A further discriminating study of this twenty-fourth chapter of Matthew suggests to my mind an obvious contrast between the subject matter discussed prior to and following verse thirty-four which says, "Verily I say unto you, This generation shall not pass away, till all these things be accomplished." Attention is now drawn to the following contrasts.
1. In verses 5-12 Jesus gave a number of portending signs, such as wars and rumors of wars, famines and earthquakes as signaling the near approach of the event foretold. Regarding His second coming, however, Jesus gave no sign. (vs. 42-44). Here He likened His coming to that of a thief. And we know that thieves give no signs portending their coming. Paul used the same illustration when he spoke of the time of the second coming of Christ (1 Thess. 5:2).
2. The event foretold is cast in a local setting. In verses 15, 16, Jesus said, "When therefore ye see the abomination of desolation, which was spoken of through Daniel the prophet, . . . then let them that are Judea flee into the mountains." Question: Why urge just those in Judea to flee, if Jesus was speaking of His coming in judgment at the end of time? And, to what mountains will they flee seeing that the earth is going to be destroyed at Christ's second coming (2 Peter 3:10)? In contrast to the above local phenomenon, the second coming of Christ will be world-wide (Rev. 1:7).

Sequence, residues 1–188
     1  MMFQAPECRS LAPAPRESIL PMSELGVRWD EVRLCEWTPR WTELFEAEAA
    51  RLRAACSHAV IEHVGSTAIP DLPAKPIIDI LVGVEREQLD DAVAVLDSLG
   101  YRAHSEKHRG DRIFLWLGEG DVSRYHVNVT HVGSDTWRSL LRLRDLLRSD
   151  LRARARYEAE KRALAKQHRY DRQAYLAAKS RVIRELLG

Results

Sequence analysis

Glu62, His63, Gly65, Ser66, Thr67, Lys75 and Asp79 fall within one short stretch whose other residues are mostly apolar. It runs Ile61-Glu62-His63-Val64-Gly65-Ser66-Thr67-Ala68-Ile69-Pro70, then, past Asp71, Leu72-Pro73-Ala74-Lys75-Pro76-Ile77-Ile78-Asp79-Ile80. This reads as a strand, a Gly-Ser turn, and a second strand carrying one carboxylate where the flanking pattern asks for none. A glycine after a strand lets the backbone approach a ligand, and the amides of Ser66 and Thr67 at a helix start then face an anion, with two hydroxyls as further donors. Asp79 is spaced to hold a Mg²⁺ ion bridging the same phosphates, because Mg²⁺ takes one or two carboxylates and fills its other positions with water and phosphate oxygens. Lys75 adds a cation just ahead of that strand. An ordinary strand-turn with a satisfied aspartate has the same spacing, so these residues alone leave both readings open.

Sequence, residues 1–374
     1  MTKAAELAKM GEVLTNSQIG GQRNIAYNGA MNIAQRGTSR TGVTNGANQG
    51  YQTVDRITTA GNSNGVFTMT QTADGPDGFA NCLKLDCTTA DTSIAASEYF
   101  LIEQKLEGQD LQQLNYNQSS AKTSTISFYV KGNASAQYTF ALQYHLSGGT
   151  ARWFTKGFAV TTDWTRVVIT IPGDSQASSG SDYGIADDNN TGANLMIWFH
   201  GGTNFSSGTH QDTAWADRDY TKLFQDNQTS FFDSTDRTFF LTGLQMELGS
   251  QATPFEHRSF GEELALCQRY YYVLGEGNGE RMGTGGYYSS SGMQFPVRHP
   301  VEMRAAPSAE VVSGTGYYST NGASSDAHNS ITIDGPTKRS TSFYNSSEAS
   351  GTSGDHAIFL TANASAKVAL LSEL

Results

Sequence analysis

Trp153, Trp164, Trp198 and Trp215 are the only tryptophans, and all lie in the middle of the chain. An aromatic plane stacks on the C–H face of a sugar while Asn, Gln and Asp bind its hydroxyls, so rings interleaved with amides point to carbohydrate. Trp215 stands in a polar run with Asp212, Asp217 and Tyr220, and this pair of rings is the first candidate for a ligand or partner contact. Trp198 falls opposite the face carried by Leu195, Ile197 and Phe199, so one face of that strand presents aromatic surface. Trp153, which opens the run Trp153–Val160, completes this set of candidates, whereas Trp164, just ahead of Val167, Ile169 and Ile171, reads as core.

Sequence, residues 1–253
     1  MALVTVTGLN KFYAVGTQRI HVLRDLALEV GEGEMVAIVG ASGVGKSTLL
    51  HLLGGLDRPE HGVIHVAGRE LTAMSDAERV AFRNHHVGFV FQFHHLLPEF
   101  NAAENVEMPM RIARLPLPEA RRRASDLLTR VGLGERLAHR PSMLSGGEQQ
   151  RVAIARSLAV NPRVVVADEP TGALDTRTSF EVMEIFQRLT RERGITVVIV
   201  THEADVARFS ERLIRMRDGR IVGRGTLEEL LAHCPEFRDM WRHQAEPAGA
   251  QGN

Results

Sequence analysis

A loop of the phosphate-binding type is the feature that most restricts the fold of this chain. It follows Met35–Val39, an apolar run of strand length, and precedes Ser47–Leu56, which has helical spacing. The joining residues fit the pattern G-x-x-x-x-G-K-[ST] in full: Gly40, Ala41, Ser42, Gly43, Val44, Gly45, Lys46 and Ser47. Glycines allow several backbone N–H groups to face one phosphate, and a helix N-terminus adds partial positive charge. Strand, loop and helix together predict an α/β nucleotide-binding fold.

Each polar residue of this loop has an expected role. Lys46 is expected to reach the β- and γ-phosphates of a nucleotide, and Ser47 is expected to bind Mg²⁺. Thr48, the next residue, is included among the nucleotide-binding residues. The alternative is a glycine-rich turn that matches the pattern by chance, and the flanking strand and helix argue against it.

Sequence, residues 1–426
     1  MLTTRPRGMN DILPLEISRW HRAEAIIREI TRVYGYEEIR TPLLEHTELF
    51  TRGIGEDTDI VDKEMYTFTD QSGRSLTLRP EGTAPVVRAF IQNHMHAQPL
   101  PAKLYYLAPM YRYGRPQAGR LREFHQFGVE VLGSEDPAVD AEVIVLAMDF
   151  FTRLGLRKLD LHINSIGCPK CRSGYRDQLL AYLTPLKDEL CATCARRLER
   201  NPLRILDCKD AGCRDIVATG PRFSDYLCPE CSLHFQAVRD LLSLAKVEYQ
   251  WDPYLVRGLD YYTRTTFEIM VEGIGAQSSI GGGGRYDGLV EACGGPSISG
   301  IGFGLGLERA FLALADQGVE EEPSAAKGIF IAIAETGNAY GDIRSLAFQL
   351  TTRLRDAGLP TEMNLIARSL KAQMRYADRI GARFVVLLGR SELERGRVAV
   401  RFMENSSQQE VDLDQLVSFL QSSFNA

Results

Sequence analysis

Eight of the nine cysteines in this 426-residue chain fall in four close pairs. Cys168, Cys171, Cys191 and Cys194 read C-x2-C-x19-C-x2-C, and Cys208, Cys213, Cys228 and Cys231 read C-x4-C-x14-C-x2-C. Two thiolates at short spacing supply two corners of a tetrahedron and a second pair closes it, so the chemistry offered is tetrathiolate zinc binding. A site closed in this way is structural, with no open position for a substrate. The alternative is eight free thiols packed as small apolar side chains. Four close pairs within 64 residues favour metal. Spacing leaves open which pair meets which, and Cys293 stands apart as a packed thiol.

3. The signs preceding verse thirty-four describe abnormal times of war, famine, tribulation, proliferation of false prophets (vss 6-11). The second coming of Christ, however, will be preceded by normal times (vs. 37-39).
From the foregoing contrasts, we therefore conclude that such signs as were given prior to verse 34 pointed to the coming destruction of Jerusalem and the temple. Jesus said that those signs would be accomplished (or fulfilled) before that generation passed away. To apply them, then, to the second coming of Christ is to take them out of their setting.
First Corinthians 1:17
This verse is often used (or misused, I should say) by sectarians in their efforts to prove that baptism is not essential to salvation. The verse says, "For Christ sent me not to baptize, but to preach the gospel." Their reasoning follows this pattern: If baptism is necessary to salvation, Paul would have been sent to baptize. But since he was not sent to baptize, therefore baptism is not any part of the plan of salvation.
Before examining the context in which Paul wrote these words, let us make the following observations: